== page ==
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1.  Hepatitis B among Inuit: A review with focus on Greenland Inuit 
World Journal of Hepatology  2015;7(9):1265-1271.
Hepatitis B virus (HBV) infection is a disease with a highly variable course. Chronic HBV infection may cause end-stage liver disease including cirrhosis and hepatocellular carcinoma, which is the 3rd most common cause of cancer related death due to the poor prognosis. The prevalence of HBV infection is low in many countries. Still, it remains important due to the potential consequences of the disease. HBV is endemic in the Arctic with serologic markers of chronic HBV infection in up to 29% of the population in some areas in Greenland. Interestingly, Inuit populations rarely show signs of liver disease despite the fact that around half of all Inuit has been exposed to HBV and around 8% of Inuit are chronically infected with HBV. These findings have been consistent in surveys conducted for more than four decades among Arctic Inuit. We thus review HBV infection in the Arctic with focus on Greenland Inuit and compared with Inuit in Canada, Alaska and Siberia. The aspects described include epidemiology and monitoring of the disease, as well as treatment and the risk of liver cancer.
PMCID: PMC4438501  PMID: 26019742
Hepatitis B; Hepatitis D; Monitoring disease; Prevention; Liver cancer; Inuit; Greenland; Arctic
2.  Liver biochemistry and associations with alcohol intake, hepatitis B virus infection and Inuit ethnicity: a population-based comparative epidemiological survey in Greenland and Denmark 
International Journal of Circumpolar Health  2016;75:10.3402/ijch.v75.29528.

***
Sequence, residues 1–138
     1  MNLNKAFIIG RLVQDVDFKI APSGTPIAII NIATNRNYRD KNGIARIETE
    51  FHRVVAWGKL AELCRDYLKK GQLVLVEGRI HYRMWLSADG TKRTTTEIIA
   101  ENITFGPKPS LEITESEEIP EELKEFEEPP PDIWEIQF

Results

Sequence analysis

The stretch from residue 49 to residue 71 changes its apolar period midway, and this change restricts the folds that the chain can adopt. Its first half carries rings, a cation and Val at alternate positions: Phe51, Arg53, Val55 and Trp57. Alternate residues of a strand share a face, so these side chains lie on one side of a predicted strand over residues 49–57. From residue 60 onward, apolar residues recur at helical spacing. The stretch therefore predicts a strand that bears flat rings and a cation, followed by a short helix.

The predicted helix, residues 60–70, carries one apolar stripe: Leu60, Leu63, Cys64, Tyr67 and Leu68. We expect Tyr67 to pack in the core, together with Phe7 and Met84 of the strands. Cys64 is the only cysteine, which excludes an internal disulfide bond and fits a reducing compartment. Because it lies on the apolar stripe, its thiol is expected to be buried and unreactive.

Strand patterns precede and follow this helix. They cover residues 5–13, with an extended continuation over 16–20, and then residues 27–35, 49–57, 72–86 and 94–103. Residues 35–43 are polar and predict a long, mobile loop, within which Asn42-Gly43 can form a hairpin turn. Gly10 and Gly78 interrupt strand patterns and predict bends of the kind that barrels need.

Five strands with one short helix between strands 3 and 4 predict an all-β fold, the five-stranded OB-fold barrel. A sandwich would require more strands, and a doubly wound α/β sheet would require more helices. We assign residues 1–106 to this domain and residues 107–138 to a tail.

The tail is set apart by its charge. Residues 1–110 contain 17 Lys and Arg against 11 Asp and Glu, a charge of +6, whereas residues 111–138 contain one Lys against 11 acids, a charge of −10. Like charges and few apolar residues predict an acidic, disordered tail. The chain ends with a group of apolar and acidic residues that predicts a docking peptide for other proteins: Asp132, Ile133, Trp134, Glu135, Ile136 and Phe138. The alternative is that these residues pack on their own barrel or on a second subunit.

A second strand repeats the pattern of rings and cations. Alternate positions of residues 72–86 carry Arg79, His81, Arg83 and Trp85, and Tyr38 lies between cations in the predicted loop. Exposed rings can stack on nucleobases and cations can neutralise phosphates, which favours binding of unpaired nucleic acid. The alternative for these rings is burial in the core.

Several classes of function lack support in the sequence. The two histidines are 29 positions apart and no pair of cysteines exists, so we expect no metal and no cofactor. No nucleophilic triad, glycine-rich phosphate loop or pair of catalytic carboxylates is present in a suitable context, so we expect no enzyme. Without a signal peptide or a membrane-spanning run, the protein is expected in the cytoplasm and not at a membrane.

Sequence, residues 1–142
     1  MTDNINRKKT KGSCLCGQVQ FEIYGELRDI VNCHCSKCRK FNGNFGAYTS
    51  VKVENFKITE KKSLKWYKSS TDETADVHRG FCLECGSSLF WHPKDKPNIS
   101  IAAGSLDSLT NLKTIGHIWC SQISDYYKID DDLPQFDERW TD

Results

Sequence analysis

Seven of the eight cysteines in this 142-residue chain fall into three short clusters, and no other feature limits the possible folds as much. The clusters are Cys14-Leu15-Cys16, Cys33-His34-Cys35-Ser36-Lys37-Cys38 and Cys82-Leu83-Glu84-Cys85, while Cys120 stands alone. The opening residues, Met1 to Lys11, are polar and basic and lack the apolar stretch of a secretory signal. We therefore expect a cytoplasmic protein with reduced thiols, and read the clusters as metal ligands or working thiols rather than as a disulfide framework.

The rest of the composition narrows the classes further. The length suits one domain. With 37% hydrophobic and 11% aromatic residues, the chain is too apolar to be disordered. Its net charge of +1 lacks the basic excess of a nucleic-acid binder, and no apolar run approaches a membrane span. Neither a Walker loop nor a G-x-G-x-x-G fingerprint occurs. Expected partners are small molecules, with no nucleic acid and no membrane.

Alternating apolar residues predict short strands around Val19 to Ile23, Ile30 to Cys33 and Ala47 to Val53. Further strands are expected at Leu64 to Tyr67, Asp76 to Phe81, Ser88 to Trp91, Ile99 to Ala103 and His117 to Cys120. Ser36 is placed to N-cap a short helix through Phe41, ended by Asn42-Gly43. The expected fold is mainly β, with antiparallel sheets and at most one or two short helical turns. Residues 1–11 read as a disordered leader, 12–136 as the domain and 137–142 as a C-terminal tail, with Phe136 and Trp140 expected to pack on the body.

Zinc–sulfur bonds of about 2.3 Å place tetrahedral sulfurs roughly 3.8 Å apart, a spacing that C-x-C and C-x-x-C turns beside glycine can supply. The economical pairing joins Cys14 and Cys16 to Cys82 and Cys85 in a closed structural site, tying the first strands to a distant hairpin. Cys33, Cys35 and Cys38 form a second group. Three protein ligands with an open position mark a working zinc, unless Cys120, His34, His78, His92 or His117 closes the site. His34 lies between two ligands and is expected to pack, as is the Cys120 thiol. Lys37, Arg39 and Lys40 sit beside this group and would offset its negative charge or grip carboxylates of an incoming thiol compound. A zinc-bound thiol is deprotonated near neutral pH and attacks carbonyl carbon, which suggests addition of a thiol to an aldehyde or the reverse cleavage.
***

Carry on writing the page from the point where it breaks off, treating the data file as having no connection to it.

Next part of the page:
Hepatitis B virus (HBV) infection is common in Arctic populations and high alcohol intake has been associated with an increased risk of a number of diseases. Yet, a description of the influence of alcohol intake in persons with HBV infection on liver biochemistry is lacking.
We aimed to describe the association between reported alcohol intake and liver biochemistry taking into account also HBV infection, ethnicity, Inuit diet, body mass index (BMI), gender and age in an Arctic population.
Design and methods
Population-based investigation of Inuit (n=441) and non-Inuit (94) in Greenland and Inuit living in Denmark (n=136). Participants filled in a questionnaire on alcohol intake and other life style factors. Blood samples were tested for aspartate aminotransferase (AST), gamma-glutamyl transferase (GGT), alkaline phosphatase (ALP), bilirubin, albumin, hepatitis B surface antigen, hepatitis B surface antibody and hepatitis B core antibody. We also performed physical examinations.
Participation rate was 95% in Greenland and 52% in Denmark. An alcohol intake above the recommended level was reported by 12.9% of non-Inuit in Greenland, 9.1% of Inuit in East Greenland, 6.1% of Inuit migrants and 3.4% of Inuit in the capital of Greenland (p=0.035). Alcohol intake was associated with AST (p<0.001) and GGT (p=0.001), and HBV infection was associated with ALP (p=0.001) but not with AST, GGT, bilirubin or albumin in the adjusted analysis. Inuit had higher AST (p<0.001), GGT (p<0.001) and ALP (p=0.001) values than non-Inuit after adjustment for alcohol, diet, BMI and HBV exposure. Ethnic origin modified the association between alcohol and AST, while HBV infection did not modify the associations between alcohol and liver biochemistry.
Non-Inuit in Greenland reported a higher alcohol intake than Inuit. Ethnic origin was more markedly associated with liver biochemistry than was alcohol intake, and Greenlandic ethnicity modified the effect of alcohol intake on AST. HBV infection was slightly associated with ALP but not with other liver biochemistry parameters.
PMCID: PMC4772703  PMID: 26928535
alcohol intake; hepatitis B virus infection; liver biochemistry; ethnicity Greenland Inuit; migration; Denmark Arctic Greenland
3.  Genetic Variants in the Apoptosis Gene BCL2L1 Improve Response to Interferon-Based Treatment of Hepatitis C Virus Genotype 3 Infection